Interestingly, a Saudi Arabian team will test the solar cells’ performance, located on the exterior of the space station.  Therefore, the space station is not just for the Chinese but for people from all over the world who have been invited to join the projects. Likewise, China engages in bilateral and multilateral cooperation as well as commercial activities by building and launching commercial and remote sensing satellites of Nigeria, Bolivia, Belarus, Venezuela and Laos. Additionally, it also provides commercial small satellite launches for Argentina, Ecuador, Turkey, Poland and other countries. Remarkably, it also provides business services concerning space information. Apart from other spatial security developments of China, it aims to utilize outer space for peaceful purposes, to meet the economic, scientific and technological development that benefit social progress of mankind through joint cooperation with immediate and distant neighbours.

Q3: Please share your views on prospects for India-China space cooperation under the present leadership of both countries.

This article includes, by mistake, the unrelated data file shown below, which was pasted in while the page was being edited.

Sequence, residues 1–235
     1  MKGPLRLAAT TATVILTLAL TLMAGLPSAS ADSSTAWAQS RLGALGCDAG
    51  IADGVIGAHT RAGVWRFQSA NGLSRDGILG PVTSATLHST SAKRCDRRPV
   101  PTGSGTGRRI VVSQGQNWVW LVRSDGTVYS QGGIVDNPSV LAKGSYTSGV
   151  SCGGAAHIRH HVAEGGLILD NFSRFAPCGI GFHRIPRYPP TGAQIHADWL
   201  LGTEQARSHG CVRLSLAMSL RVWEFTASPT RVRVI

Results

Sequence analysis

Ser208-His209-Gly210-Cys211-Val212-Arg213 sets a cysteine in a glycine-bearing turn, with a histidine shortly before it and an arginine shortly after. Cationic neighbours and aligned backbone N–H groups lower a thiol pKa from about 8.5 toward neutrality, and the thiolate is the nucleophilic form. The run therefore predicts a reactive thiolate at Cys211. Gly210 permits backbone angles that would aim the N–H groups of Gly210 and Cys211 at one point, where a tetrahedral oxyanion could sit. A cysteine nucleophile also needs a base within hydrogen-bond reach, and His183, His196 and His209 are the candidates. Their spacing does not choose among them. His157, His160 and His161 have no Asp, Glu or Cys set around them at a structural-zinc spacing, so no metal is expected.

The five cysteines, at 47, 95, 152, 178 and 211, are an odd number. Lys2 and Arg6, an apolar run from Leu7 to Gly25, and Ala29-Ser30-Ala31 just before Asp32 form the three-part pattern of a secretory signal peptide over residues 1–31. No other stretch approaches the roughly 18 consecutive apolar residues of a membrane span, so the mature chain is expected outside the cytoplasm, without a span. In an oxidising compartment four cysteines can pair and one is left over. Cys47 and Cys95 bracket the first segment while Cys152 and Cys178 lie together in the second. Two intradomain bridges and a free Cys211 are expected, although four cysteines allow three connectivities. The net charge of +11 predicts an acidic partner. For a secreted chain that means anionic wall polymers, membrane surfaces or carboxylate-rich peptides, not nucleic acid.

On September 18 2014, a Memorandum of Understanding was signed between ISRO and CNSA, to encourage exchange and cooperation for peaceful use and exploration of outer space. Later, during the China visit of Prime Minister Modi on May 25 2015, a space cooperation outline was inked to provide specific programs for the two sides to cooperate in the period between 2015 and 2020.  Particularly, the themes of the program include space-based meteorological, lunar and deep space exploration, satellite navigation components and remote sensing missions. Beyond other political differences, India and China share a common goal of space exploration, from Mars to the far side of the moon, and from asteroids to deep space. Therefore, space offers new scope for India-China cooperation under the present leadership.

(The views expressed are the interviewee’s own.)

(Ms. Asma Masood is Research Officer & Programme Director-Internships, C3S. Email-